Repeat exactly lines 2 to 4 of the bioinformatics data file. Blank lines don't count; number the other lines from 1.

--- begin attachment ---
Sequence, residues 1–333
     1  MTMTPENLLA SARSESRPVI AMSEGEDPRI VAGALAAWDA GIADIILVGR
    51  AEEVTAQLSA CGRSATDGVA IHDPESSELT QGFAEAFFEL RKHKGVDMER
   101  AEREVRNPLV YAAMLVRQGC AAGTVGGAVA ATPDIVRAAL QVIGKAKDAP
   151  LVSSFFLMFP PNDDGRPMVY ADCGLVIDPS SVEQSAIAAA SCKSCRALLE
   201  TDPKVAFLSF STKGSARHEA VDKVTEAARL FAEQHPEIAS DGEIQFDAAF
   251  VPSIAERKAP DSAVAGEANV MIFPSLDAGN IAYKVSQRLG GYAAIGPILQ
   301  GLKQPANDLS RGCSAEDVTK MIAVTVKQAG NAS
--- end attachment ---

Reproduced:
     1  MTMTPENLLA SARSESRPVI AMSEGEDPRI VAGALAAWDA GIADIILVGR
    51  AEEVTAQLSA CGRSATDGVA IHDPESSELT QGFAEAFFEL RKHKGVDMER
   101  AEREVRNPLV YAAMLVRQGC AAGTVGGAVA ATPDIVRAAL QVIGKAKDAP